We got sick and tired of it, didn't we? I read somewhere that by the end of his life the Apostle John had one message that he gave wherever he went. "God is love. Love one another." "God is love. Love one another." And they, those first century Christians in the Ephesian era, around the city of Ephesus, got tired of it, as many of us did. Like I said in another sermon, when apostles get old, they distill everything down to something very simple. "Give versus get." "The Tree of Life versus the Tree of the Knowledge of Good and Evil." "Self-service versus outgoing concern." And that's what it was. But maybe we don't know how to apply it practically. It's very simple to understand, but how do you put it to use? How can we show loving service to one another that will begin to unify the body of Christ?
Let's go to I Thessalonians 4. I want to go here because this is just a good starting place. I hope this is true of your life as you live it now. Listen to this.
I Thessalonians 4:9 But concerning brotherly love you have no need that I should write to you, for you yourselves are taught by God to love one another.
And aren't we all! That's one of the first things we are taught when we become Christians. The two great commandments of the law are: "You should love the Lord your God with all your heart, with all your soul, and with all your mind; and the second is like unto it, You shall love your neighbor as yourself." That is the basic teaching of God.
I Thessalonians 4:10 And indeed you do so toward all the brethren who are in all Macedonia. [That was true of the Thessalonian Church.] But we urge you, brethren, that you increase more and more.
Don't get satisfied with the amount of loving your brother that you're doing right now. Increase more and more. Don't hit the "status quo" and remain at the "status quo." Don't be static in your love toward your brother, but increase more and more.
I Thessalonians 4:11-12 [I urge you] that you also aspire to lead a quiet life, to mind your own business. [Well there's a good one!] And to work with your own hands, as we commanded you, that you may walk properly toward those who are outside, and that you may lack nothing.
Let's ask some questions here. Apply this to yourself.
Do we lead a quiet life, or are things always in turmoil? Do we live in peace, or is it in constant strife? If you are living in strife and turmoil, what are you doing to contribute to it?
Do we mind our own business, or are we busybodies and meddlers? Do we always want to know what the other guy over the fence is doing? Do we always call up somebody for the latest news about what's going on over in this church and in that church, or with that person and his problem?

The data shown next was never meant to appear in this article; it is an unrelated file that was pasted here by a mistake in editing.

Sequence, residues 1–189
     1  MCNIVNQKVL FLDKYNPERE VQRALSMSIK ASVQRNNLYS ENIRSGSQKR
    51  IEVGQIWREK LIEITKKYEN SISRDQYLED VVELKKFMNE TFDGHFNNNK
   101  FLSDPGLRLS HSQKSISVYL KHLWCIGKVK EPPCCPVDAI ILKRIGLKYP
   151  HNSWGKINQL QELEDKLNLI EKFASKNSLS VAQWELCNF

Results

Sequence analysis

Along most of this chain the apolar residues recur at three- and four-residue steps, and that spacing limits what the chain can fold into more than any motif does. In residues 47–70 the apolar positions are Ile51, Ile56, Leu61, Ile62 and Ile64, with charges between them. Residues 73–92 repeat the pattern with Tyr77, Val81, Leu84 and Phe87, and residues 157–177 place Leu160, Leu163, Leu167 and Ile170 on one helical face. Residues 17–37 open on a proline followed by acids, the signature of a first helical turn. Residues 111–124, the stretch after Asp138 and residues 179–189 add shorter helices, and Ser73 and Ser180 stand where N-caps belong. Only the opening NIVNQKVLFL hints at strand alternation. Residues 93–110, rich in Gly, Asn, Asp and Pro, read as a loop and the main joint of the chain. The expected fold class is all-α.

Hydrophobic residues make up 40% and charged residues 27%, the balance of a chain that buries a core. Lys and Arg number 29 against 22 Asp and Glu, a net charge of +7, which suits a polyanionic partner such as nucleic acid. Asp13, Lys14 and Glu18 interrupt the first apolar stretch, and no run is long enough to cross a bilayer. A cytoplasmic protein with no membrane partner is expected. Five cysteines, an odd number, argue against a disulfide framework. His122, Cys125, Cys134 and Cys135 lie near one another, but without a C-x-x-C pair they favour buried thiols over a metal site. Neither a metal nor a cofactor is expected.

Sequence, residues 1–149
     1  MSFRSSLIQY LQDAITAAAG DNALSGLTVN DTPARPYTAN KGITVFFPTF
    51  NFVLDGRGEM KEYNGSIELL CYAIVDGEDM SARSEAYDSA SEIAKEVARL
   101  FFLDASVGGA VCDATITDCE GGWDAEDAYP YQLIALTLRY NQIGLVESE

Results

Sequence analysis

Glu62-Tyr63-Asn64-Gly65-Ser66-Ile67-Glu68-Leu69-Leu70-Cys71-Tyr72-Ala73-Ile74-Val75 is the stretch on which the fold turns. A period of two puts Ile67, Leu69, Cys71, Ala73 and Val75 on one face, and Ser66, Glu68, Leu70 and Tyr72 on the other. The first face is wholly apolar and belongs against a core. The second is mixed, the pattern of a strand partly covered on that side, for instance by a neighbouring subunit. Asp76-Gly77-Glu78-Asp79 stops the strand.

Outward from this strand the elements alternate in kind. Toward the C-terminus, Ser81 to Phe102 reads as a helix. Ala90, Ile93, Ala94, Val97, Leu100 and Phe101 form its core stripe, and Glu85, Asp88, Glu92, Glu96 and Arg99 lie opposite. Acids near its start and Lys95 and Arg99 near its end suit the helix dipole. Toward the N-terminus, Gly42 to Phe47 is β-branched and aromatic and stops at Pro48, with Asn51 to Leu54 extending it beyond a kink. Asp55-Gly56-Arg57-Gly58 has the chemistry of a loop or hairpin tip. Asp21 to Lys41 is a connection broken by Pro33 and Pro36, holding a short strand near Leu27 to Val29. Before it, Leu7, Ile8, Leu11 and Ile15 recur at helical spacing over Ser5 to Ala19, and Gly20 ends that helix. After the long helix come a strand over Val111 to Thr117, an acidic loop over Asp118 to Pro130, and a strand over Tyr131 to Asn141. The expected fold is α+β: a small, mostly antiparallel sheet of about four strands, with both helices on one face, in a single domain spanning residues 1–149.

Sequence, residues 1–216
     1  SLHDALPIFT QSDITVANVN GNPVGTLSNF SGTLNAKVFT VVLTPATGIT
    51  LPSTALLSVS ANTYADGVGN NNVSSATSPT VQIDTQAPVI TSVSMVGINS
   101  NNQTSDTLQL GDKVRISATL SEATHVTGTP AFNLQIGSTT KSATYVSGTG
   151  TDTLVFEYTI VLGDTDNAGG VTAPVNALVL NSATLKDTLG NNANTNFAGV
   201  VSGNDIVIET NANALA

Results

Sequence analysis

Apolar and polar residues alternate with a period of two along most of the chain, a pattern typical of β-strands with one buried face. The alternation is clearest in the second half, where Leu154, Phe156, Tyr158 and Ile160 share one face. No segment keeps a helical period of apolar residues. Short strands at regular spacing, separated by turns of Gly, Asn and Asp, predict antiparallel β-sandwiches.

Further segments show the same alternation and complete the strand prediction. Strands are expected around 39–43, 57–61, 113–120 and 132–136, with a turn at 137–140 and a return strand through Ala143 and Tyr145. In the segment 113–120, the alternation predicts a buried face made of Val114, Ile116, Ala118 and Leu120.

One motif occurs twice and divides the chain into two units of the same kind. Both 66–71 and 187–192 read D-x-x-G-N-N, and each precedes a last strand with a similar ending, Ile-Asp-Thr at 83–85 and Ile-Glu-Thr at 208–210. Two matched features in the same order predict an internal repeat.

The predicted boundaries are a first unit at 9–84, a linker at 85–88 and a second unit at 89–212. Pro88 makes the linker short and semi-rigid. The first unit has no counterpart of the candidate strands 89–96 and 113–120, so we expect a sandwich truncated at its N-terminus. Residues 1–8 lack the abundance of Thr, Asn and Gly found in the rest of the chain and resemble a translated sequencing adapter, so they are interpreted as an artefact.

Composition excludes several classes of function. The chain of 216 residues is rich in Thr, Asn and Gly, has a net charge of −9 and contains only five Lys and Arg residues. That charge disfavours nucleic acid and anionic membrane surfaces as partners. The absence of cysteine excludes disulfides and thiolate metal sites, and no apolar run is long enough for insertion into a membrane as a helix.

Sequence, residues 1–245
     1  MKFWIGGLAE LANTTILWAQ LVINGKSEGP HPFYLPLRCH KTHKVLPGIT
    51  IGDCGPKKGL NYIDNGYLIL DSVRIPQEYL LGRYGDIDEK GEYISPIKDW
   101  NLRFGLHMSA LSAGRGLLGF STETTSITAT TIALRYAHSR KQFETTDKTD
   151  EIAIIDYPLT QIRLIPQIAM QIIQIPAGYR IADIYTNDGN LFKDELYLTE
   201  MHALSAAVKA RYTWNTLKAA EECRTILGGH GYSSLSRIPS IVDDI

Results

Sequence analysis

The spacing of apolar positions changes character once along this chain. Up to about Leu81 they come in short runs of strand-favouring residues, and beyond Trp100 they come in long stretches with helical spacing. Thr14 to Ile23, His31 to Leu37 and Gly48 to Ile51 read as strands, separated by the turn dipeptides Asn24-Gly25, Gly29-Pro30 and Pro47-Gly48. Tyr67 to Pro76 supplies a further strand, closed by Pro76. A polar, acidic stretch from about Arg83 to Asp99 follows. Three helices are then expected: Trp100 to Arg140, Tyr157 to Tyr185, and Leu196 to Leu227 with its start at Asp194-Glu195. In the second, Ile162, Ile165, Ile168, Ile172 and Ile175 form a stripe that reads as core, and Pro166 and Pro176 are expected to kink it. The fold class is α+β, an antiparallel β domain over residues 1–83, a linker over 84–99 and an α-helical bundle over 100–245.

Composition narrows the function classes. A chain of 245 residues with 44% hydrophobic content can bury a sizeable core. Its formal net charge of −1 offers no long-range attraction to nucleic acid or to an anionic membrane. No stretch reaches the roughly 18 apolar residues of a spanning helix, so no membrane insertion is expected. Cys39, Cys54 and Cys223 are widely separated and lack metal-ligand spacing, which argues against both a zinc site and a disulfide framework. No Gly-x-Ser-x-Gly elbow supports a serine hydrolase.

Is our "helpfulness" really a guise for poking our nose in where we're not wanted? With some people it is. They serve in order to get the goods. That's something we have to consider. Do we work, or are we lazy? I'm not just talking about our physical labor for the food we put on our table. It could be spiritual work. It could be our service to one another.
Do we work with our own hands? That's something we have to ask. Or are people always making allowances for you? Are you living off the goodness of another's heart? That's more physical, but some people think they are owed something. They are victims of circumstance, and so they want everybody to give to them, rather than working for it.
Do we show the same Christian character to our work buddies as we do to the people who sit beside us in church? That's what Paul asks here. He says here "that you may walk properly toward those who are outside."
Is your life hypocritical? Do you put on your best character and slip into a chair at church just once each week? Do your acquaintances in the world see Christ in you, or do they see "Joe Six-Pack" who has had a few too many six packs? Or do they see someone that curses five or six days a week, but one day a week he's just the soul of sound and wise speech? How do the people in the world see you?
Lastly, Paul says, "I urge you that you may lack nothing." I bet you he doesn't mean, "Do we lack a pair of shoes, or do we lack a new VCR, or do we lack the latest PlayStation game, or those kind of lacks?" I think what he meant was, "Do we lack anything that makes us better Christians, or are we satisfied with ourselves where we stand?" Have we come into the church and accepted God's grace, and then say "Take me as I am, Lord," without one plea? Or do we lack something that would make us a better Christian?
Titus 2:1-5 But as for you, speak the things which are proper for sound doctrine. That the older men be sober, reverent, temperate, sound in faith, in love, in patience; the older women likewise, that they be reverent in behavior, not slanderers, not given to much wine, teachers of good things, that they admonish the young women to love their husbands, to love their children, to be discreet, chaste, homemakers, good, obedient to their own husbands, that the word of God may not be blasphemed.
Now did you notice the area of service in this list of virtues? I don't mean to pick on the older women here, but this is just an example that is in the Bible. In our society this doesn't happen, and I think it's a shame and a detriment to us. Paul says the older women are to teach the younger women certain things, in the church. This is amazing. They must admonish the young women to love their husbands and to love their children. Now is this happening in the church? I don't know. Did you see why Paul said it should be done?